Are electronic keys worth the cost?



Kelly Tunney

Electronic locks are the gateway to most of Kent State’s buildings.

Students use them regularly to enter dorms and as academic buildings are renovated, they join the dorms in being secured by electronic locks.

By the numbers:

1,036 electronic locks on academic buildings

100 of electronic locks are online locks

936 of electronic locks are offline locks

Student key cards in use at Franklin Hall as of Friday, Sept. 16: 245

Faculty key cards in use at Franklin Hall as of Friday, Sept. 16: 100

$2.50 per key card

They’re costly (ranging from $587 to $2,000), but are they effective?

As with anything electronic, malfunctions are inevitable. From a key simply not working to a person physically being locked inside of a room, the locks can pose a problem for users.

Ellen Losh, administrative clerk for Franklin Hall, said one of these instances was during the summer of 2011 when a journalism and mass communications professor became locked inside her office because of a lock issue.

“There was a malfunction in the striker in the door, and I had both locksmiths over here,” Losh said. “They tried everything, and we ended up pushing up a ceiling tile in an office next door and dropping tools down to her through the ceiling and she was able to get the pins out and get the door.”

Kyle Cuppett, head locksmith for Kent State, said he was one of the locksmiths called to Franklin Hall to get the professor out of her office.

“Inside the lock, there was a piece in the mortise casing that broke and when it broke it fell down inside,” he said. “So when you put the handle down to open the door, it wouldn’t let it go all the way down.”

However, Cuppett said it’s extremely rare for someone to get locked inside of an electronic door.

“Usually, 99 percent of the time, there is no way that could happen because if you are on the inside, it’s always on the unlock mode,” he said.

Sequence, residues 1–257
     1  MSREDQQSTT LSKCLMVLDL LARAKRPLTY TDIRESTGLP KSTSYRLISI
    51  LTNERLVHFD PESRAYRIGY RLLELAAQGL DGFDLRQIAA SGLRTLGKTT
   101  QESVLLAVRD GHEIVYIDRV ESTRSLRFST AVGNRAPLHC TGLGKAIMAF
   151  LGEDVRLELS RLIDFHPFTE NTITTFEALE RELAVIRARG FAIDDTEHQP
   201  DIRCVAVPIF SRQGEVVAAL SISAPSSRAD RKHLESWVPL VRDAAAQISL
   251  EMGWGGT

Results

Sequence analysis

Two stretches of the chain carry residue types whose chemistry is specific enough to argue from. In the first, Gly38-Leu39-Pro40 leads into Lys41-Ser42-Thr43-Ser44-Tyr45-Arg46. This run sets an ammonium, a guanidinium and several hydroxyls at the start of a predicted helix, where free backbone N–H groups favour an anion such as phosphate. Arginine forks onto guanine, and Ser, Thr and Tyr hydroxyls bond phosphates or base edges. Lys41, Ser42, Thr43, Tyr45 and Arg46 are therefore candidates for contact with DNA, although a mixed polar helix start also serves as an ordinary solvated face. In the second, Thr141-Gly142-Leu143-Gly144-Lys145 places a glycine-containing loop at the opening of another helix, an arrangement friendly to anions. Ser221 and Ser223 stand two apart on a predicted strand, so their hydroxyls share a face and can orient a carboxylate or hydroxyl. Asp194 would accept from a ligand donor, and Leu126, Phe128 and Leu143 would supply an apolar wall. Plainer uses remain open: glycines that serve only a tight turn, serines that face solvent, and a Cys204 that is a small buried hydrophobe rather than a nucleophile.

But if problems like these happen, that’s where Mark Moscarello comes in. He’s the glazier supervisor for building maintenance.

He said the academic buildings are protected by online locks on the entrances, which allow building maintenance to control the lock from a server.

“We can add users; we can delete users right there in our lock shop,” he said. “It’s very convenient.”

Offline locks are used on the individual classroom and office doors. Moscarello said they require building maintenance to physically upload information to the lock with a PDA or a netbook.

He said the offline locks contain battery packs which are replaced regularly to prevent malfunctions.

“The battery packs are good for three years, but we have them on a rotation where we change them every two years,” he said. “However, every once in a while, we do get the bad battery packs or what not, but if the battery has actually died in the lock, the only thing that will happen is that the card won’t work.”

Moscarello said malfunctions with the door do occur but not often.

After talking to his staff he estimated that in the past seven years there have been fewer than five instances in which someone was locked inside of a room with an electronic lock.

Losh said there was only one other lock malfunction when Franklin was first renovated.

“On the first floor they had to bust the glass out in one of the classrooms to get somebody out,” Losh said. “Since we’ve been here six years, it’s only happened twice, so that’s pretty good. Anything electronic will malfunction; just give it a chance.”

Contact Kelly Tunney at [email protected].